SEOUL/WASHINGTON (Reuters) - North Korea on Thursday denounced U.S. calls for enforcing international sanctions despite its goodwill moves and said progress on denuclearization promises could not be expected if Washington followed an “outdated acting script.”
North Korea’s foreign ministry said Pyongyang had stopped nuclear and missile tests, dismantled a nuclear test ground and returned the remains of some U.S. soldiers killed in the 1950-53 Korean War.
Yet Washington was still insisting on “denuclearization first” and had “responded to our expectation by inciting international sanctions and pressure” it said.
“As long as the U.S. denies even the basic decorum for its dialogue partner and clings to the outdated acting script which the previous administrations have all tried and failed, one cannot expect any progress in the implementation of the DPRK-U.S. joint statement including the denuclearization,” the ministry said.
The statement on the KCNA state news agency said North Korea, which calls itself the Democratic People’s Republic of Korea, was still willing to implement a broad agreement made at a landmark June 12 summit between U.S. President Donald Trump and North Korean leader Kim Jong Un.
But it accused unidentified high-level U.S. officials of “going against the intention of President Trump” by “making baseless allegations against us and making desperate attempts at intensifying the international sanctions and pressure.”
It said “expecting any result, while insulting the dialogue partner” was “a foolish act that amounts to waiting to see a boiled egg hatch out.”
The White House did not respond to requests for comment.
Kim vowed in Singapore to work toward denuclearization but the two sides have yet to define a deal to meet that goal and Washington insists sanctions pressure must be maintained during negotiations.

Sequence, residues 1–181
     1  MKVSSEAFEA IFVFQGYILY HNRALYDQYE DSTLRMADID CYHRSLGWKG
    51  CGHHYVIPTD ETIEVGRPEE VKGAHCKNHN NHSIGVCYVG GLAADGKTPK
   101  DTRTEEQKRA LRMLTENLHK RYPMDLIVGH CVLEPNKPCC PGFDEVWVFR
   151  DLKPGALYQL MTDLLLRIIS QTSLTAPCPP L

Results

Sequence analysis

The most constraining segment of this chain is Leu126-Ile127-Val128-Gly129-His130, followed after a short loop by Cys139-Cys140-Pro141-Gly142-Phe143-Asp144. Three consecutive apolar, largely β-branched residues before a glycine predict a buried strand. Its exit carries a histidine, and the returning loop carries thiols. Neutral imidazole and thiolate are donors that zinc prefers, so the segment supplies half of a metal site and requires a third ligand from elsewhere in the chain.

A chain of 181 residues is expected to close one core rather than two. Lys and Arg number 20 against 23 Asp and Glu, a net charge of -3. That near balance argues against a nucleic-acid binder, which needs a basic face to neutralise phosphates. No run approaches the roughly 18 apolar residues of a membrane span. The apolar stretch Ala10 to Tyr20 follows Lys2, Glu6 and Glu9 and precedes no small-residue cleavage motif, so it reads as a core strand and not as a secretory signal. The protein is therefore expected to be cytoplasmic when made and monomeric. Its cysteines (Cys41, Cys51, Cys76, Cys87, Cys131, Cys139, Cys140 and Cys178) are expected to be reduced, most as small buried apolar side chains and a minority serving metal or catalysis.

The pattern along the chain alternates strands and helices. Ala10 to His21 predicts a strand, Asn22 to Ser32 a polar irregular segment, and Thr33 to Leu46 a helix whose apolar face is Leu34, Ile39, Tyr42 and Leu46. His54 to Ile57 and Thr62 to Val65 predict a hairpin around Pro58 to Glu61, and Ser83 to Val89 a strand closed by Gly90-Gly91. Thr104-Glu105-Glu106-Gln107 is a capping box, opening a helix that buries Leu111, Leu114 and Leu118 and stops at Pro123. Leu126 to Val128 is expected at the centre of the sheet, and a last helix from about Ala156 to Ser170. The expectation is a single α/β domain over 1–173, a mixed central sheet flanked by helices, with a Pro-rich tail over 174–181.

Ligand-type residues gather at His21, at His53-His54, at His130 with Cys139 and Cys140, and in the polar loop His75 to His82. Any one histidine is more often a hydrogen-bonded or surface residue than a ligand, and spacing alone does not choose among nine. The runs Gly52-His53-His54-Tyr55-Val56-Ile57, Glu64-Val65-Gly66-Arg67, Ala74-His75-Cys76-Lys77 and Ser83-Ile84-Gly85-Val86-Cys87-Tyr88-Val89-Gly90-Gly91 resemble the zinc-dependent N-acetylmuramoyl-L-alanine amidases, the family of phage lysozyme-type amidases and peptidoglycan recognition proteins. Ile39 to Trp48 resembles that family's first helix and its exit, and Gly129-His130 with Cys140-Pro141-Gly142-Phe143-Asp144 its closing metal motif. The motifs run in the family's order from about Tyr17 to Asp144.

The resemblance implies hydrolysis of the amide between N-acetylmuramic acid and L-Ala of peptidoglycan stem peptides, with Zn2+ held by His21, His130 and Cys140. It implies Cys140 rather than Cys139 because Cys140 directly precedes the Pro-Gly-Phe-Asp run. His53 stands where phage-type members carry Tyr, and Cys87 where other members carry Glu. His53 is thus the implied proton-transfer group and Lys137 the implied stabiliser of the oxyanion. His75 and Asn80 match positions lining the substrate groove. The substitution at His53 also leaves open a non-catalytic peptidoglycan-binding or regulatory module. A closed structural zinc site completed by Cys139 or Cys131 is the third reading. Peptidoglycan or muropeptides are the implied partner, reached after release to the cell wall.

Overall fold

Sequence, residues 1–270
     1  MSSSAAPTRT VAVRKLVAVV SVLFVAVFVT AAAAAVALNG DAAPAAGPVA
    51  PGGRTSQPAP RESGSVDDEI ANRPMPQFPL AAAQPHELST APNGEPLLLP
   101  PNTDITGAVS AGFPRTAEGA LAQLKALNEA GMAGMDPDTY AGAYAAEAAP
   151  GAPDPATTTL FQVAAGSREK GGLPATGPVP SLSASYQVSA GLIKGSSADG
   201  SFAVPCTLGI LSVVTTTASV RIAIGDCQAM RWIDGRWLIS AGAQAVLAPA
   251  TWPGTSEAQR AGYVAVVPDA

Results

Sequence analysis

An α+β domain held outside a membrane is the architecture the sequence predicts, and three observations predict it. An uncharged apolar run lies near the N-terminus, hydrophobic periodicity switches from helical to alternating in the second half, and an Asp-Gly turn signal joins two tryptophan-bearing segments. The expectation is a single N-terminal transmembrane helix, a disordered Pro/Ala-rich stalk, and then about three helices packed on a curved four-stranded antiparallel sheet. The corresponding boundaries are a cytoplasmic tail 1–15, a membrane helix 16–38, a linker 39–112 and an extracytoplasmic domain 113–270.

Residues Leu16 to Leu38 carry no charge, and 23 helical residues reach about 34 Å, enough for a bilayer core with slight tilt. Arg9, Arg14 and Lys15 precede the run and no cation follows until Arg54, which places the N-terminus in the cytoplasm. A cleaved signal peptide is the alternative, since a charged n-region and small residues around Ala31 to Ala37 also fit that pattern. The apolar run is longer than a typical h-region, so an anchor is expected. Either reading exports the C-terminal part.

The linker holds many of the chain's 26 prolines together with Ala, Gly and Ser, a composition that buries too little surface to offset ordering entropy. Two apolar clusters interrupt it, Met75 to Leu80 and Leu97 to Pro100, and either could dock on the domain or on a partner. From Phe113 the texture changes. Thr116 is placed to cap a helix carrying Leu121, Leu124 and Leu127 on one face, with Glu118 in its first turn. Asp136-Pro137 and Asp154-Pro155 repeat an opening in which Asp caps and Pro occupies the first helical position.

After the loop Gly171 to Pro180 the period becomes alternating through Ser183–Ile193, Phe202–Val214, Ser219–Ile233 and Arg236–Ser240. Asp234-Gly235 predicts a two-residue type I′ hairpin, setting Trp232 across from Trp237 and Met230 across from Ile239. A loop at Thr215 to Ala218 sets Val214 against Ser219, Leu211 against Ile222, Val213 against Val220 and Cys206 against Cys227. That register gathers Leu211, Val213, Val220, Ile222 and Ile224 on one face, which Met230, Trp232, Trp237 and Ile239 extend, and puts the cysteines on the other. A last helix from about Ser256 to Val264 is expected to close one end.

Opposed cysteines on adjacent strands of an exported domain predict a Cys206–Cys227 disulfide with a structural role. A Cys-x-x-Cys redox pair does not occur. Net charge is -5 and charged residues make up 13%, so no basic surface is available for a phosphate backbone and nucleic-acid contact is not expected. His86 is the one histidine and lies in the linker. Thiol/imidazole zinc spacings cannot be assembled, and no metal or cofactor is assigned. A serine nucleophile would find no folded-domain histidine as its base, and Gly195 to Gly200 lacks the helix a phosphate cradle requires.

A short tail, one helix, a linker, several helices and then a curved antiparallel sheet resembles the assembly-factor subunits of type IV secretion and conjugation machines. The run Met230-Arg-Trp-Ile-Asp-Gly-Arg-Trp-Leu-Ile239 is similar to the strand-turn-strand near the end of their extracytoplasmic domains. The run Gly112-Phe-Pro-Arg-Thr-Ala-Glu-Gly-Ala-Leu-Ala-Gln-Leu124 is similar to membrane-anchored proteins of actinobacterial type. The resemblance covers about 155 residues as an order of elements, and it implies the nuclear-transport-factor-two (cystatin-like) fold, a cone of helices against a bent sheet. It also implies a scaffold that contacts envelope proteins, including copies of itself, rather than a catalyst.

The North Korean statement followed comments this week by top American diplomats stressing the need for Pyongyang to take additional steps toward denuclearization and contentious remarks last week by U.S. Secretary of State Mike Pompeo and North Korean Foreign Minster Ri Yong Ho on the sidelines of a regional summit in Singapore.
Trump’s national security adviser, John Bolton, said this week that Pyongyang had not taken the necessary steps to denuclearize while U.S. Ambassador to the United Nations Nikki Haley said Washington was “not willing to wait for too long.”
Bolton, who spoke on Tuesday, said Trump, in a letter to Kim, proposed sending Pompeo back to North Korea, and that Trump was ready to meet with Kim any time.
State Department spokeswoman Heather Nauert told a regular briefing on Thursday that the United States was in touch with North Korea virtually every day or other day but had no travel plans to announce for the moment.
Ri traveled this week to Iran, where President Hassan Rouhani told him the United States cannot be trusted after the Trump administration reneged on a 2015 deal to lift sanctions in return for curbs on Iran’s own nuclear program.
U.S. officials have declined to comment on a report on the Vox news website on Wednesday saying that North Korea had repeatedly rejected a U.S. proposal for it to cut its nuclear arsenal by 60 to 70 per cent within six to eight months.
U.S. officials familiar with the talks, however, told Reuters that North Korea had yet to agree to a timeline for eliminating its nuclear arsenal or to disclose its size, which U.S. estimates have put at between 30 and 60 warheads.
They said it had also not agreed to definitions of the key terms of any agreement, or to any inspection of its nuclear test site, which it claims to have decommissioned, but which U.S. intelligence officials have said may still be operable.
Two U.S. officials said North Korea appeared to view Trump as a softer touch. They said that when a session with Pompeo reached an impasse last month, North Korean officials asked if he would like to step outside to call the president, who declared after the June summit that North Korea was “no longer a nuclear threat.”
Reporting by Haejin Choi in Seoul and Doina Chiacu, John Walcott and David Brunnstrom in Washington; writing by Nick Macfie; editing by Jonathan Oatis and Grant McCool
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